Lack of turnout doesn’t dampen motivation at Help-Portrait C-K

Chatham Voice freelancer Sarah Schofield spent Saturday volunteering as part of Help-Portrait Chatham-Kent.
Chatham Voice freelancer Sarah Schofield spent Saturday volunteering as part of Help-Portrait Chatham-Kent.

A winter chill in the air told us snow might be looming as myself and a dozen other fellow volunteers woke up early and headed to Holy Trinity Anglican Church Saturday morning to begin a full day’s work at Help-Portrait Chatham-Kent.

The day consisted of curling hair, applying cosmetics, clicking the shutter button on our cameras, editing, printing, framing and delivering finished portraits for free.

What each of us volunteers witnessed in return were the surprised faces as the subjects saw their faces and their loved ones’ smiles staring back at them when they got the first glimpse of their photos.

This is the second year for Help-Portrait Chatham-Kent, but for me it was my first – and likely not my last – as a photographer and assistant.

The brainchild of American celebrity photographer Jeremy Cowart, Help-Portrait is available in approximately 50 countries worldwide, providing free, ready-to-hang professional portraits for anyone in need.

Event organizer and photographer Cindy Lalumiere, along with her husband Chris, saw the need for an event like this.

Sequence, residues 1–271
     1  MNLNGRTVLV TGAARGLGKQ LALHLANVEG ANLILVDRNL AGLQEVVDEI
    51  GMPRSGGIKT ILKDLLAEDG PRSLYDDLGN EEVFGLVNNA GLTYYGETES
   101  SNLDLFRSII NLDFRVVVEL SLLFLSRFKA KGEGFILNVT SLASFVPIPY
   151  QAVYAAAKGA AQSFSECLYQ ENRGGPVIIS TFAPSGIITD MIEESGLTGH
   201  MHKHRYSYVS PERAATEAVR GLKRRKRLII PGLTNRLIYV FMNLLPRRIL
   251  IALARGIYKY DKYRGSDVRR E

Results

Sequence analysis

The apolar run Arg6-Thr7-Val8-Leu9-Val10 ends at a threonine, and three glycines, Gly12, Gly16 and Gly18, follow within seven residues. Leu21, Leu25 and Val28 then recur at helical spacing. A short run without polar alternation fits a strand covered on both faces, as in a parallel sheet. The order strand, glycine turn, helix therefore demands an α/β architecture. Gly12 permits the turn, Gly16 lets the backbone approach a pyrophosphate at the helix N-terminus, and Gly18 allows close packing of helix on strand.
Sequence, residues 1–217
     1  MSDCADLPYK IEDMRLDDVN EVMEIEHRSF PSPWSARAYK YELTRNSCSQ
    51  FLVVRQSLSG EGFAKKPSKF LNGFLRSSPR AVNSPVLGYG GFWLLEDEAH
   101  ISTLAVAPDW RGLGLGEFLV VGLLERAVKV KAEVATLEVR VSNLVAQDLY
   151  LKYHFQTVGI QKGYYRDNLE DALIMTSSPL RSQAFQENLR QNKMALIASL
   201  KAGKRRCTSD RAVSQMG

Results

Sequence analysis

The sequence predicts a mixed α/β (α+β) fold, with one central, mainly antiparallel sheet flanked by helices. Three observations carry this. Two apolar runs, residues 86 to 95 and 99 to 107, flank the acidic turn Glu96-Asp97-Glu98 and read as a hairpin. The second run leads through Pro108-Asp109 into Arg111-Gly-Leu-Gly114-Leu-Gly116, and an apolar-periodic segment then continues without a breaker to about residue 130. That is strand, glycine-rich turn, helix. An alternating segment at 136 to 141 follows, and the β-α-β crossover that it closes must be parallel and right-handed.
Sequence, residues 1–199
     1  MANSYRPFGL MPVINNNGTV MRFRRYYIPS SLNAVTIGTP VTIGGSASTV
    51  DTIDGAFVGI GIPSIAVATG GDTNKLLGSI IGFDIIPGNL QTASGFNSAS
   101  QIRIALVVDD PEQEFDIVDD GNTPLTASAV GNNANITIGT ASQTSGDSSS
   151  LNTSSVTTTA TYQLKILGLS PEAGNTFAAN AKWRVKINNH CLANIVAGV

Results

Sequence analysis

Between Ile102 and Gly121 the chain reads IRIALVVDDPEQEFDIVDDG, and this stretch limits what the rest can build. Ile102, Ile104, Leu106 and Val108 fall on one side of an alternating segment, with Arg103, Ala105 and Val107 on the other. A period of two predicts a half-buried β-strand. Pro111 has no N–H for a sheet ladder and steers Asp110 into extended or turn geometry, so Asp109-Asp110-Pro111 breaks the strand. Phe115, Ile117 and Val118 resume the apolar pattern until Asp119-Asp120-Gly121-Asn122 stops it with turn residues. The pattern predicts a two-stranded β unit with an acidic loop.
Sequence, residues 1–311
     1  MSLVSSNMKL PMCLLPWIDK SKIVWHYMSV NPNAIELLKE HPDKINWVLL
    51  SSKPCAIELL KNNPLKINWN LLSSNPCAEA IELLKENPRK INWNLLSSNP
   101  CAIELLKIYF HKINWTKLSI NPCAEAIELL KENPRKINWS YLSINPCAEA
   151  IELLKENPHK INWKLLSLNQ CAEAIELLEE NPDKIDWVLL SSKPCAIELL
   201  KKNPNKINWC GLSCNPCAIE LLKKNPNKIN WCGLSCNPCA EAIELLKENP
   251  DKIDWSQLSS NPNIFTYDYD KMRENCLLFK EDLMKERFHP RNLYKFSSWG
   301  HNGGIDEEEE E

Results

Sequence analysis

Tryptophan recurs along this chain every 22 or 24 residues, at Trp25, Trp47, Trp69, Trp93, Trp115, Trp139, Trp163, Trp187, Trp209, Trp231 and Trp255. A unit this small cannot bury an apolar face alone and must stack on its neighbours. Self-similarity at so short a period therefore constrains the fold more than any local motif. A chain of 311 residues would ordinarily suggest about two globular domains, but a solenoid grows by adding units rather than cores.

While there was a noticeable difference in the turnout compared to last year, Lalumiere and her team of volunteers made sure those who did brave the chilling temperature left with a long-lasting memorable keepsake.

“I think the weather was nicer this year than it was last year and I think people are busier,” offered Lalumiere as an explanation for the lack of participants.

“I think we just need to get the word out there better. My focus this year will be on advertising and media,” she said of her plans to continue running the event.

“We still believe there is a need and a want for it in Chatham.”

Three studio setups with a variety of backdrops, softboxes and studio lights awaited clients, along with the option of makeup and hair, all at no cost.

Those who came to get a photo taken did so for different reasons. For Dianne VanBasselaere, who heard about the event at New Beginnings, said it was a chance to get her two daughters, son-in-law and herself together.

“My sister – her husband passed away and they didn’t have any family portraits. So get them while they are here,” said VanBasselaere.

“Every advantage we get, we take,” she added.

The very last client of the day, Ruth Faas, brought her 18-month daughter, Hope, with her. Both dressed to match in pink, Faas had a very different motivation for standing in front of the camera.

“I don’t have any pictures of when I was little anymore. Our house burnt down and I lost my photos,” said Faas.

“Now, I want to keep all the memories I can, and the only camera I have is on my phone.”

In addition to receiving two different photos framed and ready, Faas was also grateful for the bit of pampering she got from the hair and makeup volunteers.

“I wouldn’t know what to do when it comes to that stuff,” she said with a laugh.

With the annual event over for this year, Lalumiere knows next year can be bigger and busier.

“There’s nobody out there that doesn’t want and need a nice photo. When we’re dead and gone, what do people have apart from their memories? Photos, that’s it.”


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